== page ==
Archive | September, 2013

Puppet: The Architecture of Open Source Applications

Puppet is both a simple system and a complex one. It has many moving parts, but they’re wired together quite loosely, and each of them has changed pretty dramatically since its founding in 2005. It is a framework that can be used for all manner of configuration problems, but as an application it is simple and approachable.

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Technical Thoughts on OpenShift and Docker

In looking at the Docker technology and it’s underlying reliance on LXC, as well as our own roadmap, we saw incredible alignment. Creating and managing gears is hard work. By utilizing Docker these bits will be easier. That work combined with the work Krishna Raman has been doing on OpenShift gears in Origin makes it easy to see how Docker fits in to this picture. This is one major benefit for OpenShift in that we now have an even more secure environment than before. By adding additional container features to our user’s processes we have additional redundancy built in should any of the security features fail. Break out of SELinux? Doesn’t matter, you’re still in a container. Break out of the container and get root? SELinux keeps you stuck in a high security computing environment–look for yourself! It’s not 100% secure and no environment is, but this is a multi-layered security solution and that’s a better computing environment for our users.

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The Second Coming of Java: Clinton-Era Relic Returns to Rule Web | Wired Enterprise |

But over the past few years, Java has evolved into something very different. It has quietly become the primary foundation for most the net’s largest and most ambitious operations, including Google, LinkedIn, Tumblr, and Square, as well as Twitter. “It’s everywhere,” says Krikorian. In the summer of 2011, Bob Lee — the chief technology officer at Square and a former engineer at Google — announced at a prominent software conference that the web was “on the cusp of a Java renaissance.” Two years later, this renaissance is upon us. Like Twitter, many other companies have realized that Java is particularly well suited to building web services that can stand up to the massive amounts of traffic streaming across the modern internet. “Java is really the only choice when it comes to the requirements for a company like ours — extreme performance requirements and extreme scalability requirements,” Lee says of Square,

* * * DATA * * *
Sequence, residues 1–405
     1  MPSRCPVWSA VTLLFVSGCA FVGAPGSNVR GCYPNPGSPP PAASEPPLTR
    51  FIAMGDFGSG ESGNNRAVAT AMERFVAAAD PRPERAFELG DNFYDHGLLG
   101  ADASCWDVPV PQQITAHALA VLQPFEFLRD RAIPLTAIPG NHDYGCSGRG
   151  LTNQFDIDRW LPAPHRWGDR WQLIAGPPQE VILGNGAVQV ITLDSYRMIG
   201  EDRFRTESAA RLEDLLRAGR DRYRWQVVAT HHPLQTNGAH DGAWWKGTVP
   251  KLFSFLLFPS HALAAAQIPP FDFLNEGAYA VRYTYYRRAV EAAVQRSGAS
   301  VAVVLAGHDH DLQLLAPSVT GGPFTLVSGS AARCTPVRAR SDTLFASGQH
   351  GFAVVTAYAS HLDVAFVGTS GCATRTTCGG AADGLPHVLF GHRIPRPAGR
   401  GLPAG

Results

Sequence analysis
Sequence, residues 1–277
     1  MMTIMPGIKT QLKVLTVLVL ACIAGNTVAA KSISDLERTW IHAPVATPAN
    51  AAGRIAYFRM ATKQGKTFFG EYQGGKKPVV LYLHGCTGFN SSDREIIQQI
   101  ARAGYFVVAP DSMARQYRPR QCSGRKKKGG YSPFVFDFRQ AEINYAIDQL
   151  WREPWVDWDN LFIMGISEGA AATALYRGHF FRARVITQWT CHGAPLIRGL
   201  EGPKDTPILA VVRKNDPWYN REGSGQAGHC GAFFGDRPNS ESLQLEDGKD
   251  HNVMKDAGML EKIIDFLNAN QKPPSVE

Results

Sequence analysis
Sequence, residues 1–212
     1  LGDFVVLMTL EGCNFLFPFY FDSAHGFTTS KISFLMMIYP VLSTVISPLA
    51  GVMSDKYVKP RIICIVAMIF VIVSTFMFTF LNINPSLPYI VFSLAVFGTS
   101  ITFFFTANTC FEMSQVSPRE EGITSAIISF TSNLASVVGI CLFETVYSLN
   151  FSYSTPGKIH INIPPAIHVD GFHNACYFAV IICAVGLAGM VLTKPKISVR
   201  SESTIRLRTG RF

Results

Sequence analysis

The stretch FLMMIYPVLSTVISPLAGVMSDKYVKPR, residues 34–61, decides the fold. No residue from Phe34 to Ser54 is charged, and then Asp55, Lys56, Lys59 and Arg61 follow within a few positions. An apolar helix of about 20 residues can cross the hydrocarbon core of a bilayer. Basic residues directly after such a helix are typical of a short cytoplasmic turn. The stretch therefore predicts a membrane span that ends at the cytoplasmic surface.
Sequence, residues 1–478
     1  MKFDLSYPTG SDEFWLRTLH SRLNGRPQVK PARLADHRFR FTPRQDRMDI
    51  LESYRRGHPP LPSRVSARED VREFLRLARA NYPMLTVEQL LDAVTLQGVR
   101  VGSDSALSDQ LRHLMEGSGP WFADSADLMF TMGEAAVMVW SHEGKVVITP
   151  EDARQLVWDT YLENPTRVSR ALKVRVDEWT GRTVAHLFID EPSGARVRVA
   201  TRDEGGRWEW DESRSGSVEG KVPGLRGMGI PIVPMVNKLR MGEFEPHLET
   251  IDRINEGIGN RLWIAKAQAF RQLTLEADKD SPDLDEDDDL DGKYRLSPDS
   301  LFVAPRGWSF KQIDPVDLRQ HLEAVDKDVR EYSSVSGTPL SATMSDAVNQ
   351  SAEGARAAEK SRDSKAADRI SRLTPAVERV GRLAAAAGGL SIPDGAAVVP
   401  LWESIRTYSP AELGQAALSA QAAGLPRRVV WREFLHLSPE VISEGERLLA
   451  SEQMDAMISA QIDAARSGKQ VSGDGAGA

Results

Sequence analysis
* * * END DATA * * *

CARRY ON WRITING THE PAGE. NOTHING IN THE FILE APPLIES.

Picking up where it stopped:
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Oracle Makes Java More Relevant Than Ever — For Free | Wired Enterprise |

the Java development platform is experiencing a renaissance of sorts, as hot web companies grow out of their mid-2000s programming tools and look for something that can help them more effectively juggle tens or even hundreds of millions of users. Invented by Sun, Java is now overseen by Oracle, and yet, as those big web companies embrace Java in such a big way, Oracle is on the outside looking in. When it was founded back in 2006, Twitter’s programmers used Ruby on Rails. But as the service grew, it became clear that Ruby wasn’t the best way to juggle tweets from millions of people across the globe. Now Twitter runs on Java, as do large parts of Google, FourSquare, and Linkedin. Inside these companies, there are thousands of servers running the Java Virtual Machine, or JVM, a piece of software the executes programming code. And the JVM is built by Oracle. But it’s available under an open source license, which means the company is fostering one of the hottest trends on the internet, w

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Using Git with SVN | Red Hat Developer Blog

Nowadays, while most people in our industry know about DVCS tools, such as Git and Mercurial, and what they can do, not all are aware that git can be used with SVN. It is, of course, quite a shame as on top of being the best way to learn how to use git – this feature also enables one to use all the nice tricks of DVCS (offline commit, local history rewriting, commit search, bisect…) while still being stuck with a remote SVN server…

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Rouster, an abstraction layer for controlling Vagrant VMs – The Changelog

Rouster allows you to control Vagrant virtual machines from Ruby scripts. It provides a DSL for automated control of Vagrant VMs.

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